Spurred by a surge in gun sales this winter, their store, Last Resort Guns, is on target for moving to a larger location by summer that will have the biggest indoor shooting range in Madison County. The new 11,000-square-foot store will still be on County Line Road, only further south in a new building currently under construction near Palmer Road.

Last Resort opened last April at 11156 County Line Road with the intention of building a client base and training its staff before starting a shooting range, Durling said.

“It was a big bite of the cherry to think you could open a range and open the shop at the same time. That’s a recipe for failure,” he said.

But it’s hard to say Last Resort took a cautious business approach after listening to Durling describe how he and his partners started stockpiling guns and ammo for an inventory months before they opened – all based on their belief that demand would boom once President Obama was re-elected.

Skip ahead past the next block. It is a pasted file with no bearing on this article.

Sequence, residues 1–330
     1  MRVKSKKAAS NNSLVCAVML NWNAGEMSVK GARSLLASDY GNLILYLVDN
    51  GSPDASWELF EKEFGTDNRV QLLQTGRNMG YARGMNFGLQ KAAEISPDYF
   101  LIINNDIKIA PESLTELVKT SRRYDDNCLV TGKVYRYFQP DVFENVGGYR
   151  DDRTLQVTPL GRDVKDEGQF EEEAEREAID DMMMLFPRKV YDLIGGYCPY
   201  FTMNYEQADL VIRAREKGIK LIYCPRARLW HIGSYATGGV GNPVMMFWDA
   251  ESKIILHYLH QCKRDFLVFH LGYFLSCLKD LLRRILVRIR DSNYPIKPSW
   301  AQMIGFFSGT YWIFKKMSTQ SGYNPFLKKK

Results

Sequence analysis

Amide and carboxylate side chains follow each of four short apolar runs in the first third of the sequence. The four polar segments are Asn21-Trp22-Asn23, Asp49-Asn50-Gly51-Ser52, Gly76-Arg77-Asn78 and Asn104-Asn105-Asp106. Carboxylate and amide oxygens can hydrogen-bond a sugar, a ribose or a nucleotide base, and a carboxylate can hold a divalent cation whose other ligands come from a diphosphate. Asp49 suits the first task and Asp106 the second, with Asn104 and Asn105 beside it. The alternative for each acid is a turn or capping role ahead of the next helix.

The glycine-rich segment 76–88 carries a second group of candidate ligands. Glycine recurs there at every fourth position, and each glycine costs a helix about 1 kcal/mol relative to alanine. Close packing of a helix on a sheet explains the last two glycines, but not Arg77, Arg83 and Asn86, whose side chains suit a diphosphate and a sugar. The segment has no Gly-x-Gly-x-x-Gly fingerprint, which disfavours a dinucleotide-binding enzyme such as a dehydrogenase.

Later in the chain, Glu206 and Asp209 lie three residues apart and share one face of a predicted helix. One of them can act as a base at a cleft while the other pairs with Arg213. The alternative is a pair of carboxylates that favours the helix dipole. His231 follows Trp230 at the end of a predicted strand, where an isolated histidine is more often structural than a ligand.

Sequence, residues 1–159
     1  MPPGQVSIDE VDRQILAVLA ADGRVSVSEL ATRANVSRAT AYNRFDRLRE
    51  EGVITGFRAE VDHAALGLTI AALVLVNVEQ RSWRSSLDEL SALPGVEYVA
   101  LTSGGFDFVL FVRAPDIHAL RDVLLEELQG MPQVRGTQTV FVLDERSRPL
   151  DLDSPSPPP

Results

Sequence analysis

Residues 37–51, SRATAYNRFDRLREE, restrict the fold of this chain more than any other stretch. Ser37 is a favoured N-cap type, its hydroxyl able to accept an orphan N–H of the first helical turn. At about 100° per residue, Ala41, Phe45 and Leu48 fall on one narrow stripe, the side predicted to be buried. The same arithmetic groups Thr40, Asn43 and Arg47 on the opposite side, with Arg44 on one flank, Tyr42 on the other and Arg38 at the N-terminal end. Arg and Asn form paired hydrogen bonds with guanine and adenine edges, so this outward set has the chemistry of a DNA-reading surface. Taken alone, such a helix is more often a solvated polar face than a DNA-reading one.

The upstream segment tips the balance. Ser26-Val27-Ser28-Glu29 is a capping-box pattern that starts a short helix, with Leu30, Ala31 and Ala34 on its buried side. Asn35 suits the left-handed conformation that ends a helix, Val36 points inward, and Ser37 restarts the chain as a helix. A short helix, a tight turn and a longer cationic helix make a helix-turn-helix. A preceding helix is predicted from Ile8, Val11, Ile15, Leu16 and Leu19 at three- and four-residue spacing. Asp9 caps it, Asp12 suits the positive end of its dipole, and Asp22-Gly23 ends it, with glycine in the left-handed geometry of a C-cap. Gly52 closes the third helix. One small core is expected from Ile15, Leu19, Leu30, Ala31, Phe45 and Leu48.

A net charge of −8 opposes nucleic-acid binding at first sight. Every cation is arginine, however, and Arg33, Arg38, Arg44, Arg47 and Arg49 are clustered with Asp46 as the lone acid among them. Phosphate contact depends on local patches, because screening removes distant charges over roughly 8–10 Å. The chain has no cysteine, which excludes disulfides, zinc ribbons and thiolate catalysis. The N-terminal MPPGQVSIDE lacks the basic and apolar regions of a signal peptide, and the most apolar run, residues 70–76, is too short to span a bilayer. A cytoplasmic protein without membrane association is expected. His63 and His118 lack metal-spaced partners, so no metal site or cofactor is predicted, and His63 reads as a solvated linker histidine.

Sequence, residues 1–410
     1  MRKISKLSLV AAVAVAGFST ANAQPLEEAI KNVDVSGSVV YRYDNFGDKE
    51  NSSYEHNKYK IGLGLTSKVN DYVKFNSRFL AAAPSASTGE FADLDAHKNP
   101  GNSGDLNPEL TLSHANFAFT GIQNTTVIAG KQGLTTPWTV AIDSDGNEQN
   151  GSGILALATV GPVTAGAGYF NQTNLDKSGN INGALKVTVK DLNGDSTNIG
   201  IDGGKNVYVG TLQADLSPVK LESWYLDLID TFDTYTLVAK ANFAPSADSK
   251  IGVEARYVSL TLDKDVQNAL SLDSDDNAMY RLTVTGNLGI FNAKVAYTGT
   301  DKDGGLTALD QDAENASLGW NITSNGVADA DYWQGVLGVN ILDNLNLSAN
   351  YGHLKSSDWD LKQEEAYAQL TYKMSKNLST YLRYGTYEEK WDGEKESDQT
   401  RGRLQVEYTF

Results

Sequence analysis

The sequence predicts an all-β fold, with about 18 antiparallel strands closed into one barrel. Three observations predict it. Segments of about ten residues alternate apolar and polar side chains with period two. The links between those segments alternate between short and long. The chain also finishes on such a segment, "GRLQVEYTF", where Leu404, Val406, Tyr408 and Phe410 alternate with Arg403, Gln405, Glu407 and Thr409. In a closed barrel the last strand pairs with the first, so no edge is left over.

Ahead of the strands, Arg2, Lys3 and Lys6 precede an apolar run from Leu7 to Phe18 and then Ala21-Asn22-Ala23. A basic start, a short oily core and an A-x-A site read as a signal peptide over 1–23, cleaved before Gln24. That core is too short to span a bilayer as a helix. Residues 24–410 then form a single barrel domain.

“I bought every penny of gun stock I could, starting in 2012,” he said. “And after President Obama was re-elected I was convinced, no, I was convicted, that he would find a cause to push gun control.

“One of the reasons we started this business when we did – whether it was experience, a gut feeling, I don’t know – but our belief was that though President Obama had not put gun control on his first-term agenda, when re-elected and nothing to lose in a second term, the gun control agenda would resurface,” Durling said.

IMG_3309.JPG Though dozers already are moving dirt, Last Resort Guns will have a groundbreaking ceremony at 10 a.m. Tuesday at the new County Line Road location. (Paul Huggins/phuggins@al.com)  

The tragic shooting at Sandy Hook School gave gun control proponents the opportunity to play on public fears and outrage, he said, and just as he and his partners envisioned, throngs of gun buyers have rushed to Last Resort.

As the Times reported earlier this month, Alabama saw the nation’s largest spike in applications for firearm background checks, a sudden rise of 145 percent, between the months of October and December.

Durling said holiday shopping created some of that, but Last Resort saw sales triple since the Sandy Hook shooting Dec. 14.